In what is expected to be a Wagnerian event for the ages, soprano Christine Goerke plays Brünnhilde, Wotan’s willful warrior daughter, who loses her immortality in opera’s most famous act of filial defiance. Tenor Stuart Skelton and soprano Eva-Maria Westbroek play the incestuous twins Siegmund and Sieglinde. Greer Grimsley sings Wotan. Philippe Jordan conducts.
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Richard Wagner (1813–1883) was the complex, controversial creator of music-drama masterpieces that stand at the center of today’s operatic repertory. Born in Leipzig, Germany, he was an artistic revolutionary who reimagined every supposition about music and theater. Wagner wrote his own librettos and insisted that words and music were equal in his works. This approach led to the idea of the Gesamtkunstwerk, or “total work of art,” combining music, poetry, architecture, painting, and other disciplines, a notion that has had an impact on creative fields far beyond traditional operatic territory.
World Premiere: Court Theater, Munich, 1870.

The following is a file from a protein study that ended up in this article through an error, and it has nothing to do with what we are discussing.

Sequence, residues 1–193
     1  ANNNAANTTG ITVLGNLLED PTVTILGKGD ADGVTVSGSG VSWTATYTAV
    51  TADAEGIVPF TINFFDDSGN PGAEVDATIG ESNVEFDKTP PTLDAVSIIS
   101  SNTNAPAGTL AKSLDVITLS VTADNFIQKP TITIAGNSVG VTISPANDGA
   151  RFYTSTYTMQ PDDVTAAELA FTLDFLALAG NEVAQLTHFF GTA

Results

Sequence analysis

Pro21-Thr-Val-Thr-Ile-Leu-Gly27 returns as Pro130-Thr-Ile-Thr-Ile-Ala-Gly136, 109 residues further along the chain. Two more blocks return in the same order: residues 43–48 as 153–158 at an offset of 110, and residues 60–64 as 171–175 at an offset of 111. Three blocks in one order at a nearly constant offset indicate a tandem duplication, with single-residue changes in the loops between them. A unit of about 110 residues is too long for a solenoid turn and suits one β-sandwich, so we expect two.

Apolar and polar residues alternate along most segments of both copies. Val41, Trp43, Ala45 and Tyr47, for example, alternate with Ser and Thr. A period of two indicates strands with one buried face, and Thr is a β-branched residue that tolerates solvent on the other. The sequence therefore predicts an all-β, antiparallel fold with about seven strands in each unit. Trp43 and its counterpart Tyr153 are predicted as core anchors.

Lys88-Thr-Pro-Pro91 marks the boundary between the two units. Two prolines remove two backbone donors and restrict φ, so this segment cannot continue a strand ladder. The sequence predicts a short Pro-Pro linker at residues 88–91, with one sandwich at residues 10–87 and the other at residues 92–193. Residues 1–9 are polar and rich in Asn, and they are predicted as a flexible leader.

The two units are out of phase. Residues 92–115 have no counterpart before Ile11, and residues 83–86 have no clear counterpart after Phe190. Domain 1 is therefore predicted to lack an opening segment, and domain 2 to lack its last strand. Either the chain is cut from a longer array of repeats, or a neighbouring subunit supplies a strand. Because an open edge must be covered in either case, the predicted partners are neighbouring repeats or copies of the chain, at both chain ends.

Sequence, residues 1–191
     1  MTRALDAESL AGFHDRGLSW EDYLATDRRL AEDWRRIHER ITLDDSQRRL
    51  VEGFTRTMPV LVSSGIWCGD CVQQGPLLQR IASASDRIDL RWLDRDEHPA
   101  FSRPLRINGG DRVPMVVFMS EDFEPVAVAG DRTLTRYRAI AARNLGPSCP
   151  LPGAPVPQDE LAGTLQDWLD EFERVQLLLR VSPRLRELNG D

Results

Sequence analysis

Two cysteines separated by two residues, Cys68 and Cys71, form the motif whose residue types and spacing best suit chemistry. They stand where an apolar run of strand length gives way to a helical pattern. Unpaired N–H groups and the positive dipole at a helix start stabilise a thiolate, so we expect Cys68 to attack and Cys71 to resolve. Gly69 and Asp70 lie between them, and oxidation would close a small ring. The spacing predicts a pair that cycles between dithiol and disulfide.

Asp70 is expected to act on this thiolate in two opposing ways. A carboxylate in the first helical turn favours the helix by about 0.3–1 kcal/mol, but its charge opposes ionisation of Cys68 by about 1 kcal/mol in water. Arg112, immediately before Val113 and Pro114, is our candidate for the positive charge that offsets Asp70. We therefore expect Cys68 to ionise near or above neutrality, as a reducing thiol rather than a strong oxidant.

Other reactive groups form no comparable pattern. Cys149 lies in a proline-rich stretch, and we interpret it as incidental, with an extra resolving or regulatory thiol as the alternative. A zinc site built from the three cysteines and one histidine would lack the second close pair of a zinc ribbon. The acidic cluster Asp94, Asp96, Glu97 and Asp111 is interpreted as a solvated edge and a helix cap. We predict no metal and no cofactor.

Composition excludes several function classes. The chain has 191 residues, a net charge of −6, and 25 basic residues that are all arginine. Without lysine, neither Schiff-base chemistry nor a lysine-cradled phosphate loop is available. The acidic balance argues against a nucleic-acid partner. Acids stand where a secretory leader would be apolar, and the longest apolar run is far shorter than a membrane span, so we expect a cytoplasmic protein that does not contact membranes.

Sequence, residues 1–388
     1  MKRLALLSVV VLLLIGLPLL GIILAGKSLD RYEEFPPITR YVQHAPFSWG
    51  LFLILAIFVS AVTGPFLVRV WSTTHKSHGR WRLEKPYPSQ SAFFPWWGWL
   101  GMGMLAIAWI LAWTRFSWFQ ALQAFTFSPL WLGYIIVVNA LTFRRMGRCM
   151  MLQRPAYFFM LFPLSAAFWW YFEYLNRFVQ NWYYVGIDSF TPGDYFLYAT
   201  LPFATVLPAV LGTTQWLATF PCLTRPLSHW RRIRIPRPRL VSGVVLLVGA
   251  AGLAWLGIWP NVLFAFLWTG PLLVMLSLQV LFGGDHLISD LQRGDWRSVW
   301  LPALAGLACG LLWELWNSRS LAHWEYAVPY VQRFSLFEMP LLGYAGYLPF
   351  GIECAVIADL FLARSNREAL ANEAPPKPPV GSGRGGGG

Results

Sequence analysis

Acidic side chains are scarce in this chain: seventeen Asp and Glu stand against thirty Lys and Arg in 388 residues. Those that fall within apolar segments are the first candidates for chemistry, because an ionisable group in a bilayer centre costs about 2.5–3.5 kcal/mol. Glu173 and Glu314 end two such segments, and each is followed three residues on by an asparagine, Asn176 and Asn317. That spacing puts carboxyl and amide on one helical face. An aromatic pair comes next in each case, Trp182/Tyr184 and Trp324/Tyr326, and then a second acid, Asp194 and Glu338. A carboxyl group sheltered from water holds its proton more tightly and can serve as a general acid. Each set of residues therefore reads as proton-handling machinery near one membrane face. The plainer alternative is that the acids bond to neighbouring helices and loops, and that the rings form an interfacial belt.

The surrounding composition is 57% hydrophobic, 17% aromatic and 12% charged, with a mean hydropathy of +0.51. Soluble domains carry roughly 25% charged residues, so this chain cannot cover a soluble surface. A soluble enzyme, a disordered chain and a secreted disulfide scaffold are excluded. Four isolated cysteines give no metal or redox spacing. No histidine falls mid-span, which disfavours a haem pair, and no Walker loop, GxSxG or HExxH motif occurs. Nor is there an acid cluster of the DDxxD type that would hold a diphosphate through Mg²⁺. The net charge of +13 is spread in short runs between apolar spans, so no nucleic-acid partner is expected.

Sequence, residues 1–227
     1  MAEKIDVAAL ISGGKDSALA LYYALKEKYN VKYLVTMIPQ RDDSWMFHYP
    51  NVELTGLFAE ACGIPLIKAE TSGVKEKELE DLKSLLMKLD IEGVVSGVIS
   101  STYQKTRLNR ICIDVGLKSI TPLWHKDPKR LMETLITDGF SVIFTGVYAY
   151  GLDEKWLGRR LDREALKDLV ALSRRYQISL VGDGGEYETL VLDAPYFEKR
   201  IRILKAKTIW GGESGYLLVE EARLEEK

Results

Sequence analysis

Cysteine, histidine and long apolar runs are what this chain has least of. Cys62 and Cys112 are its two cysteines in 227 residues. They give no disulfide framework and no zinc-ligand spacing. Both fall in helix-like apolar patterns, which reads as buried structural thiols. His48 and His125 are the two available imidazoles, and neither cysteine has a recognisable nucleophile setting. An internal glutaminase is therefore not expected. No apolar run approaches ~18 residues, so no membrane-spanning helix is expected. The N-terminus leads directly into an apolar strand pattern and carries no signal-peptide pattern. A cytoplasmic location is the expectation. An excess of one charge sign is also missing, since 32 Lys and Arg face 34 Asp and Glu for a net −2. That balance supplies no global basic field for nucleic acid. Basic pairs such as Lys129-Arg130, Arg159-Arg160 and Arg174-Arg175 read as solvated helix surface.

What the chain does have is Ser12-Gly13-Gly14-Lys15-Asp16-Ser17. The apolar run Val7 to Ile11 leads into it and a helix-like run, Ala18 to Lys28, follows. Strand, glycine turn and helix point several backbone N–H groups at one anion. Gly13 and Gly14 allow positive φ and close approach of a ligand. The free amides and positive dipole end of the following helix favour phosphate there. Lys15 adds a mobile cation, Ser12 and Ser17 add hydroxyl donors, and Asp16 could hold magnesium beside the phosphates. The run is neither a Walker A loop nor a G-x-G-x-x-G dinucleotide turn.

The second opera in Wagner’s monumental Ring cycle, Die Walküre has long stood on its own as an evening of extraordinarily powerful theater. Part of this appeal lies in its focus on some of the Ring’s most interesting characters at decisive moments of their lives: Wotan, the leader of the gods; his wife, Fricka; his twin offspring, Siegmund and Sieglinde; and, above all, Wotan’s warrior daughter Brünnhilde. These characters and others follow their destinies to some of Wagner’s most remarkable music.
Throughout the Ring cycle, Wagner uses a system of musical themes, or leitmotifs, associated with characters, events, emotions, and things. The entire first act of Die Walküre depicts the experience of falling in love in one great arc, from initial attraction to consummation. It is one of the theater’s most convincing portrayals of the power of love—even if the lovers in question are in fact twin brother and sister. Act III opens with the famous Ride of the Valkyries. In a dramatic masterstroke, Wagner uses the sound of eight powerful female voices, punctuated by shrieking laughter, to depict the terrible thrill of combat. The opera ends with some of the most moving music ever composed, as Wotan intones his farewell to Brünnhilde.